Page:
mollusc


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Related to mollusc: molluscum contagiosum

mollusc

(US), mollusk
any invertebrate of the phylum Mollusca, having a soft unsegmented body and often a shell, secreted by a fold of skin (the mantle). The group includes the gastropods (snails, slugs, etc.), bivalves (clams, mussels, etc.), and cephalopods (cuttlefish, octopuses, etc.)
References in periodicals archive ?
As in most parts of Brazil, the Northern region of Espirito Santo presents municipalities with serious public sanitation problems, which provides ideal conditions for the maintenance of mollusc breeding sites, such as schistosomiasis transmitters.
Marine mollusc diversity in India- Exploitation and conservation challenges in the 21st century, pp: 37-64.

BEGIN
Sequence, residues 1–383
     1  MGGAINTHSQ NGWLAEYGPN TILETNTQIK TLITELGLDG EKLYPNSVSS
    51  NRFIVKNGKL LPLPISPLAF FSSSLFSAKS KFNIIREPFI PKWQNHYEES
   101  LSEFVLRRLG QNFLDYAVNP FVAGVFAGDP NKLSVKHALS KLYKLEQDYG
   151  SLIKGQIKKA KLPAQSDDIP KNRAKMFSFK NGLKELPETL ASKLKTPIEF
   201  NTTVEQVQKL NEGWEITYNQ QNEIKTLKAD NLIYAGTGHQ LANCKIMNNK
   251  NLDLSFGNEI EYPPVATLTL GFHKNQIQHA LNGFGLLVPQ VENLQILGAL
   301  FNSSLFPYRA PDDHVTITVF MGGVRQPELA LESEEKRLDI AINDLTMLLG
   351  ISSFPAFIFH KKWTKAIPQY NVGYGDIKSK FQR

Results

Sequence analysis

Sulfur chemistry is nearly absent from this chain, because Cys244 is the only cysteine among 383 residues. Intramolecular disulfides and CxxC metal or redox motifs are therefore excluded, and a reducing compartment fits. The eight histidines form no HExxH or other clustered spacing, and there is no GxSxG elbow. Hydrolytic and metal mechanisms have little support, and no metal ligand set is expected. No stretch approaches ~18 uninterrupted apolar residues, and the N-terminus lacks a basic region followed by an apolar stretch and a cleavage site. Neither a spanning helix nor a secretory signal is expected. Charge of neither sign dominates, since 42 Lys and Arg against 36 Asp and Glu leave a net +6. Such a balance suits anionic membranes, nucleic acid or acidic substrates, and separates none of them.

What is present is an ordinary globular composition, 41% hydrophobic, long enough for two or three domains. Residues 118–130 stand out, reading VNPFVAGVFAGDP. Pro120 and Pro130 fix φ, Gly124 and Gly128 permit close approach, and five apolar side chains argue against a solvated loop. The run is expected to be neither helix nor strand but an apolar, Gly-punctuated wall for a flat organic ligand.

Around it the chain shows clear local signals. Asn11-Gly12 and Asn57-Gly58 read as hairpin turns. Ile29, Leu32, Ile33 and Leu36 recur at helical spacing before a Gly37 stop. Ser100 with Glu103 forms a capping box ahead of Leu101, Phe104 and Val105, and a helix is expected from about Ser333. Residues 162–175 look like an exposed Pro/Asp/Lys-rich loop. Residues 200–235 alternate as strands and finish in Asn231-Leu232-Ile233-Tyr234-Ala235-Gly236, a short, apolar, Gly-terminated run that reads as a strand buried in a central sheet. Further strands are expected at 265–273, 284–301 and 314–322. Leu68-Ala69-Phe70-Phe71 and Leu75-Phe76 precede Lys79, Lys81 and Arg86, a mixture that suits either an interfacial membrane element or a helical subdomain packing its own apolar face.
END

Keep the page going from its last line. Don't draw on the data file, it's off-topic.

Despite its relatively low significance at the world level (~ 1% of total production), Mediterranean mollusc mariculture is economically relevant to some regions and countries.
Tossed in the ebb and flow of the tide, buried in the sand and often washed up on the beach, shells are the exoskeletons of marine molluscs.
2010), similar to the modern bivalve Neotrigonia, indicating that the earliest mollusc shells tended to be more flexible in parts than in most modern molluscs.
Seashells are a hard, protective outer layer created by an animal that lives in the sea known as molluscs, which is the second largest animal species in general.
In recent years researchers have focused their attention on the identification of possible bioindicators for trace metal pollution such as the gastropod molluscs.
By this means, therefore, Dick made an enormous contribution to enhancing the extent to which the Natal Museum's mollusc collection reflected the true diversity of the South African marine mollusc fauna.
It's like trying to get through to a mollusc in a coma.
The project, "Improvement of the production and spread of technology in mollusc aquaculture," is jointly funded ($2.